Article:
Complying with the reporting standards of the South African Reserve Bank (SARB) following the introduction of ZARONIA presented a challenge for the financial services industry.
For those unfamiliar with it, ZARONIA is a financial benchmark that reflects the interest rate at which rand-denominated overnight wholesale funds are obtained by commercial banks.
On 1st November 2022, the SARB published the South African Rand Overnight Index Average (ZARONIA).
This was a major milestone in the SARB’s alignment to international standards, to introduce alternative benchmarks that comply with the International Organization of Securities Commissions’ (IOSCO) ‘Principles for Financial Benchmarks’.
Consultation…and a rush
But compliance with the process was not a smooth one for the industry. The challenge, to start off with, was for the industry to ensure they met the SARB’s data reporting requirements.
To publish the ZARONIA rates, the SARB performs various computations of benchmarks on transactional data received from corresponding banks in South Africa. The SARB, as the Regulator, specifies and enforces that corresponding banks report this data in a certain expected format and at a determined frequency, to avoid penalties.
The next challenge was to meet the tight deadlines. The SARB had published a consultation paper on selected interest rate benchmarks in South Africa back in 2018. It contained proposals to reform key interest rate benchmarks, as well as provide recommendations on a suite of new benchmarks that could potentially be used as alternative reference interest rates.
A subsequent report on stakeholder feedback was published in May 2019 and a technical paper was published in June 2020 outlining the computations of various benchmarks including ZARONIA.
This was followed by the publication of a ‘Functional Requirements Specification’ in July 2021, which outlined the expected transactions and their definitions, the ISO 20022 definitions for data collection and the expected integration points. While this may sound like the SARB had given the industry enough of a ‘heads up’ the reality was a bit different.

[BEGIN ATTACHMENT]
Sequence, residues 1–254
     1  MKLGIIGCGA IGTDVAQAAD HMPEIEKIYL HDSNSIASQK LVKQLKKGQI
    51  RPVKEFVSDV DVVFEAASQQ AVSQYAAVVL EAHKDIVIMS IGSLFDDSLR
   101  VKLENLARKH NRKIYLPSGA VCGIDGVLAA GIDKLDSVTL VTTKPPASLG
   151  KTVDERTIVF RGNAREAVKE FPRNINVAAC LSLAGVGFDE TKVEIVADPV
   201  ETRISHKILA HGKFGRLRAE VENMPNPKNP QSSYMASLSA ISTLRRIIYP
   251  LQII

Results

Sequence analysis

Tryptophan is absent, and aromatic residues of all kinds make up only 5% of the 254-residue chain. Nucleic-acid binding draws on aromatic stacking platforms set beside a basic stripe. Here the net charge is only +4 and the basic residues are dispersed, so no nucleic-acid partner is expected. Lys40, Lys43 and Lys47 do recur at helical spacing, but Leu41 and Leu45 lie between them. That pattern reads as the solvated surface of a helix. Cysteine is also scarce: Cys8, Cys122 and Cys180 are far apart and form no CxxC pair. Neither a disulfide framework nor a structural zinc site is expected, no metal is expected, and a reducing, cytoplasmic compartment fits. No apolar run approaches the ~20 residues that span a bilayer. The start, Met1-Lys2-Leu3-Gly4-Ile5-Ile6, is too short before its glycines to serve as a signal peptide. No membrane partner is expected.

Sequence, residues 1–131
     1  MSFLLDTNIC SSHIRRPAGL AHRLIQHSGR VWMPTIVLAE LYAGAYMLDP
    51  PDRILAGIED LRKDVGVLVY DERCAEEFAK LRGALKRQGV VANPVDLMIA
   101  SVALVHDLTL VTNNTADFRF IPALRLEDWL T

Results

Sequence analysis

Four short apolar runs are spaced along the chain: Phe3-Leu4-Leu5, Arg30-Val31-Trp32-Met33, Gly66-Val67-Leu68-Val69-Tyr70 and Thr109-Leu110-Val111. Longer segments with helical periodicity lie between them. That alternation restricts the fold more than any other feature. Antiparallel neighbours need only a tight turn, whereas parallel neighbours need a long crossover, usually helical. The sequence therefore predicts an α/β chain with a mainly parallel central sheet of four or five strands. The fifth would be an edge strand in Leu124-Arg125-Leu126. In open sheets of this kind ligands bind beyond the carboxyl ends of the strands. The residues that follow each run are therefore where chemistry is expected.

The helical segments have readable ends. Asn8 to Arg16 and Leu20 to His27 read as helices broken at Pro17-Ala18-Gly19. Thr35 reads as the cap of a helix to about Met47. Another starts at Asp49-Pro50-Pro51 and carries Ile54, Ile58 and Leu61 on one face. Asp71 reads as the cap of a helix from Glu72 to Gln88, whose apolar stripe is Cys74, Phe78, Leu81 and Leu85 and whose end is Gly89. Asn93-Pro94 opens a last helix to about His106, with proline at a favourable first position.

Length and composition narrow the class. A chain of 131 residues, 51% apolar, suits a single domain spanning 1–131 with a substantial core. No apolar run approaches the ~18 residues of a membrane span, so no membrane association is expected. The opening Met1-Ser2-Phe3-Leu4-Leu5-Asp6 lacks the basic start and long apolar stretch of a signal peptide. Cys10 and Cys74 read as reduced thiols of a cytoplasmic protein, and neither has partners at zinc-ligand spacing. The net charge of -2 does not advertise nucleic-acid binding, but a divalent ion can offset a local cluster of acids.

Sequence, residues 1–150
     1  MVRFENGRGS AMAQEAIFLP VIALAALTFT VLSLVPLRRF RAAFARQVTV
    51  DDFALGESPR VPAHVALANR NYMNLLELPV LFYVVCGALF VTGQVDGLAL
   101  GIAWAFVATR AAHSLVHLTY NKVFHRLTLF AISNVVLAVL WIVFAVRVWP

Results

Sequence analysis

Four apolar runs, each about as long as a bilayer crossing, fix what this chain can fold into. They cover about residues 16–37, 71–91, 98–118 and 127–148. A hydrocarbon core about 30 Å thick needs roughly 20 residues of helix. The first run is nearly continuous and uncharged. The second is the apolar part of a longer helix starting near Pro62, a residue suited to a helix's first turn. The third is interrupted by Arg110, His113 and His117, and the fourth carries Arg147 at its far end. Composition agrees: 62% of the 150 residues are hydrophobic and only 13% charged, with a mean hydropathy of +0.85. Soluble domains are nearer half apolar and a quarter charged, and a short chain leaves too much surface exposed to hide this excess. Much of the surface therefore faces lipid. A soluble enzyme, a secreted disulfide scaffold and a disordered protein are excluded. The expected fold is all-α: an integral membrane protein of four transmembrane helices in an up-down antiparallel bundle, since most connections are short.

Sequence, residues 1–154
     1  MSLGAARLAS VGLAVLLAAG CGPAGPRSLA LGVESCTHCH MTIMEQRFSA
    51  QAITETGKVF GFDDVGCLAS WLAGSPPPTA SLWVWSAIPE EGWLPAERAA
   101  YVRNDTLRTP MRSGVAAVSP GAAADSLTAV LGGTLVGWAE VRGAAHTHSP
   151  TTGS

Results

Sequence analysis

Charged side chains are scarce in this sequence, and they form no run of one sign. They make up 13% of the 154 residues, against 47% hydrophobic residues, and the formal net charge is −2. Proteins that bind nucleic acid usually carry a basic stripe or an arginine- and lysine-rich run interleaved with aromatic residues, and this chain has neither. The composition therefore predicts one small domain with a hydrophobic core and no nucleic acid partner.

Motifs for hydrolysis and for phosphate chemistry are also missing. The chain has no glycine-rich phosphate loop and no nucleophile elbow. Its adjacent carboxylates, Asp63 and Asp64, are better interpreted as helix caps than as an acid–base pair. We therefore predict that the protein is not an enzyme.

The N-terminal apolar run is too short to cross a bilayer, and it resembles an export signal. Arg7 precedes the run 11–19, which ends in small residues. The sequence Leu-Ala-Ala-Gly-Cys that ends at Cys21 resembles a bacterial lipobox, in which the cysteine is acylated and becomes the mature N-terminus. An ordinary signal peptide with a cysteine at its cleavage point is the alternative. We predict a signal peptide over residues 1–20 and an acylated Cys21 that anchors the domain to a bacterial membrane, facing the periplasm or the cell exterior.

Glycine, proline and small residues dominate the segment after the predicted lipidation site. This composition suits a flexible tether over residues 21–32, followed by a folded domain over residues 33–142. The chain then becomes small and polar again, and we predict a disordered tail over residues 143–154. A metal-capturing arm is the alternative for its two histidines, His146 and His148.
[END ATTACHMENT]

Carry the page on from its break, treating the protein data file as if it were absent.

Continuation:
Meeting tight deadlines
The communicated timelines left the industry very little time to react. The High Level Flight Plan included a design process which could be conducted between August and mid-September, a development process which could be executed between mid-September and the end of November and a testing phase, which had to start in December 2022 and could run into the first quarter of 2023.
For some banks, compliance was a problem as they had to work with old legacy systems. Fortunately for two banks, which had adopted Andile’s Tradebase Connector, it was an easier process.
Andile’s Tradebase Connector uses cloud computing technology, which allowed Andile to consume, transform and report our client’s data within the short timelines issued by the SARB. Andile’s two clients were able to meet SARB’S deadline, while meeting the data quality and reporting standards enforced by the SARB.
This enabled them to adopt SARB’s requirements in a smoother fashion and it was less of a frenzy to get the necessary compliance.
Compliance with ZARONIA is not the end. There are rumours that the SARB will require banks to report Foreign Currency transactional data in the same format and adopt the same methods in the not-to-distant future. Some believe this will become the regulator’s standard method of reporting in the future.
Fortunately, Andile’s Tradebase Connector provides our clients with a RegTech solution scalable to meet these future requirements. We encourage those in the financial services industry to consider SARB’s future possible requirements and whether they can afford to rely on legacy systems to match up to them. If not, Andile’s Tradebase Connector could offer a seamless solution to future compliance issues.